“This sinfully scintillant planet

From the Hell of the planetary souls?”

The entire poem, furthermore, is a study in dynamic psychology, a poetic counterpart In theme of “William Wilson. Into the literary form of the dialogue, Poe has worked a poetic portrayal of a man torn between two parts of his personality. “Ulalume” contains one adjective — scoriac(3) — which is associated chiefly with geology. It is used a seven-line passage which [page 361:] tries to suggest extreme sadness metaphorically by describing rivers of lava restlessly rolling “Their sulphurous currents down Yaanek.” In picturing the torture of the heart, the poet turns to science for his comparison.



[The following footnote appears at the bottom of page 357:]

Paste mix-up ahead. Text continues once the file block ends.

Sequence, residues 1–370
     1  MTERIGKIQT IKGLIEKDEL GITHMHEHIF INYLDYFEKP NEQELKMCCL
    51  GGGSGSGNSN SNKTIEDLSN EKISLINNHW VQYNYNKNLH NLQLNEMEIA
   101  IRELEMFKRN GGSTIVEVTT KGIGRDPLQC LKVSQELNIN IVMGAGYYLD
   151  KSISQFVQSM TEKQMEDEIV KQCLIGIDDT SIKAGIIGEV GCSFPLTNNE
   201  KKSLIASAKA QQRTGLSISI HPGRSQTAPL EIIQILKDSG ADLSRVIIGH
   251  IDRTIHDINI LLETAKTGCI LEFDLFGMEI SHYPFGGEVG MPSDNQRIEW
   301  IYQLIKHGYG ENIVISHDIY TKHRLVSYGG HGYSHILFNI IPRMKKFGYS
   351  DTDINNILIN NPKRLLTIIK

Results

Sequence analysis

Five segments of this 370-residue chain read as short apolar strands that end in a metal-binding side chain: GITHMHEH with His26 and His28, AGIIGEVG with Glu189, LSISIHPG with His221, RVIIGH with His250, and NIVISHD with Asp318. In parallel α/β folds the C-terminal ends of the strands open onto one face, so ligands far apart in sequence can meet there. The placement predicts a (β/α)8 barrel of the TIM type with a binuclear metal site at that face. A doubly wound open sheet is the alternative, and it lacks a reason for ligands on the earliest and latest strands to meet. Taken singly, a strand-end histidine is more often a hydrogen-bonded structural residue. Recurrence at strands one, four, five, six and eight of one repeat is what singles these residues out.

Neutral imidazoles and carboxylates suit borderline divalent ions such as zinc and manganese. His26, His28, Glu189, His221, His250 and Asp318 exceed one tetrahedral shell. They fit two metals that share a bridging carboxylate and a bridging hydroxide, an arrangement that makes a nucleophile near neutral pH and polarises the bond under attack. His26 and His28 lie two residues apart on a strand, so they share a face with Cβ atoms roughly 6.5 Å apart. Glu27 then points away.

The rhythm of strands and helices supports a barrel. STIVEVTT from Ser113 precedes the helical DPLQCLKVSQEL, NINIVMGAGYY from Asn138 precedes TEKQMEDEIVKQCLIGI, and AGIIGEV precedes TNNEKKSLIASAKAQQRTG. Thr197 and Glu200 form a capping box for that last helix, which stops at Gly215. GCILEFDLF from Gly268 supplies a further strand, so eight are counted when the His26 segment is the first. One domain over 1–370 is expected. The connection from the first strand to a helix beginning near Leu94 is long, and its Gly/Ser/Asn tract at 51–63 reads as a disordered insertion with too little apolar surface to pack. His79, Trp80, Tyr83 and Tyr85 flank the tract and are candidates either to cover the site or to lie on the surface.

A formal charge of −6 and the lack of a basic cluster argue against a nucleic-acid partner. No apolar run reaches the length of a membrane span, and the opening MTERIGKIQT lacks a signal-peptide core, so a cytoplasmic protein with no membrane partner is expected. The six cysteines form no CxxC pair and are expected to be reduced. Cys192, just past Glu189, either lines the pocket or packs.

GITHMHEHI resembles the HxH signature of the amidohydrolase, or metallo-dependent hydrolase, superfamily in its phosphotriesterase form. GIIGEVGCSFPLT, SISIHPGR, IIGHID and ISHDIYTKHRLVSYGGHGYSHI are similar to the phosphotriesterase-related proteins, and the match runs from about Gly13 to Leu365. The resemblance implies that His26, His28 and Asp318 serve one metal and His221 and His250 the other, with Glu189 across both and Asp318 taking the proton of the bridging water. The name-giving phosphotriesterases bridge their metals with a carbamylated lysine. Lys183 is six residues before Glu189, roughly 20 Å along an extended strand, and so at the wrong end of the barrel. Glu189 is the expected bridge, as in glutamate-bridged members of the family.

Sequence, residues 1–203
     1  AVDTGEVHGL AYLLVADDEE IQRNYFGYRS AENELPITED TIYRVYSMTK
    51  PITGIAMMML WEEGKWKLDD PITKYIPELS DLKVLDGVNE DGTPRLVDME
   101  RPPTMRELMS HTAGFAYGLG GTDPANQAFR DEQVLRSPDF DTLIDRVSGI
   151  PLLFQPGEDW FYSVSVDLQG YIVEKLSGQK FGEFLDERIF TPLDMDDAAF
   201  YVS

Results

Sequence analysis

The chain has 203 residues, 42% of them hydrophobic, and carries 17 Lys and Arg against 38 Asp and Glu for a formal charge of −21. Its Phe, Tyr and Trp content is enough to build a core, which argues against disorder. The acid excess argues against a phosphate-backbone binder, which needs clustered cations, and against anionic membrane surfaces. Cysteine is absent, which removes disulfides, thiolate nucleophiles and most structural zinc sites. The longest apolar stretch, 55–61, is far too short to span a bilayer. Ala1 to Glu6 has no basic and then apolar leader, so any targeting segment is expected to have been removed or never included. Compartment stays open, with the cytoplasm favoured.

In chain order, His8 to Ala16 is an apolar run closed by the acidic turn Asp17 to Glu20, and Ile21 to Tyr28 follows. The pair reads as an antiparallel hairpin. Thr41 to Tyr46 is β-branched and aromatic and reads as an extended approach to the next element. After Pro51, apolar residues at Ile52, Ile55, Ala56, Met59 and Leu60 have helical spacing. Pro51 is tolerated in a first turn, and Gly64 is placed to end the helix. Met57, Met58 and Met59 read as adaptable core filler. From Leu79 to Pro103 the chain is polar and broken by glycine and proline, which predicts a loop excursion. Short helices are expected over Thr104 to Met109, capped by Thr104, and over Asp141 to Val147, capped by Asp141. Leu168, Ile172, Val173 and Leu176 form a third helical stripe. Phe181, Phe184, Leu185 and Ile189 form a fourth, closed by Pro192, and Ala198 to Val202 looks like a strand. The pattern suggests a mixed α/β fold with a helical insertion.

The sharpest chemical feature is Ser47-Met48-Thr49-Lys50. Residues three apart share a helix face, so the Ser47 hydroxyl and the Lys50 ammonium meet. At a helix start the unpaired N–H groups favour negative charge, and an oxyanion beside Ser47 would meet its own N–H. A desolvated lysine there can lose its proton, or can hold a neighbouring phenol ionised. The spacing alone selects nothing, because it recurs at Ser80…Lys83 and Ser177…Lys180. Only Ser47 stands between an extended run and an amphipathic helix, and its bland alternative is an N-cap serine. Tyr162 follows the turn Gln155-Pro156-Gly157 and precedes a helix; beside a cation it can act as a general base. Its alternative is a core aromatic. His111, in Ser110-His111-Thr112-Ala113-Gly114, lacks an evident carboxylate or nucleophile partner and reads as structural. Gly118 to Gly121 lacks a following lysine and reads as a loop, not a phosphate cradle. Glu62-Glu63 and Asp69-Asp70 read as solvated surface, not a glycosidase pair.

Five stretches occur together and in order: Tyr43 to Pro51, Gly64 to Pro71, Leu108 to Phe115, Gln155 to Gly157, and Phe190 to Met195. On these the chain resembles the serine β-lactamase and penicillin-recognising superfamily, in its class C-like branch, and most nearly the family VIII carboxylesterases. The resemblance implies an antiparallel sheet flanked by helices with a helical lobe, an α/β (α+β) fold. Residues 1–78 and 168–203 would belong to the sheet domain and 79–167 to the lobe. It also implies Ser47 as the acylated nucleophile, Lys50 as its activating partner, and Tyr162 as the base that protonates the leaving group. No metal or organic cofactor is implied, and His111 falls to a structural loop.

1.  Studies in Classic American Literature (New York, 1923), p. 94.

[The following footnote appears at the bottom of page 359:]

2.  The name “Ulalume,” as critics have pointed out, resembles in its initial syllables the Latin verb ululare. No one has pointed out an equally significant resemblance between its last syllable “lumen and the Latin lumen. In the poem Astarte is called “this tremulous light!” and “this nebulous lustre.” Is not “Ulalume” then a poem of lament inspired by this “crystalline light?”

[The following footnotes appear at the bottom of page 360:]

3.  This adjective, coined by Poe, is from the fairly common noun scoria. The hard c sound is more effective to suggest strong suffering than the ous ending of the adjective scorious, sometimes used in Poe’s time.

4.  J. O. Bailey sees in “Ulalume” the influence of Poels concern with Symzonia and the conception of a hollow earth therein presented. — “The Geography of Poe’s ‘Dreamland’ and ‘Ulalume,’” Studies in Philology, XLV (July, 1948), 512-523.



[S:0 - CDL51, 1951] - Edgar Allan Poe Society of Baltimore - Articles - Science and Pseudo-Science in the Writings of EAP (C. D. Laverty) (Appendix)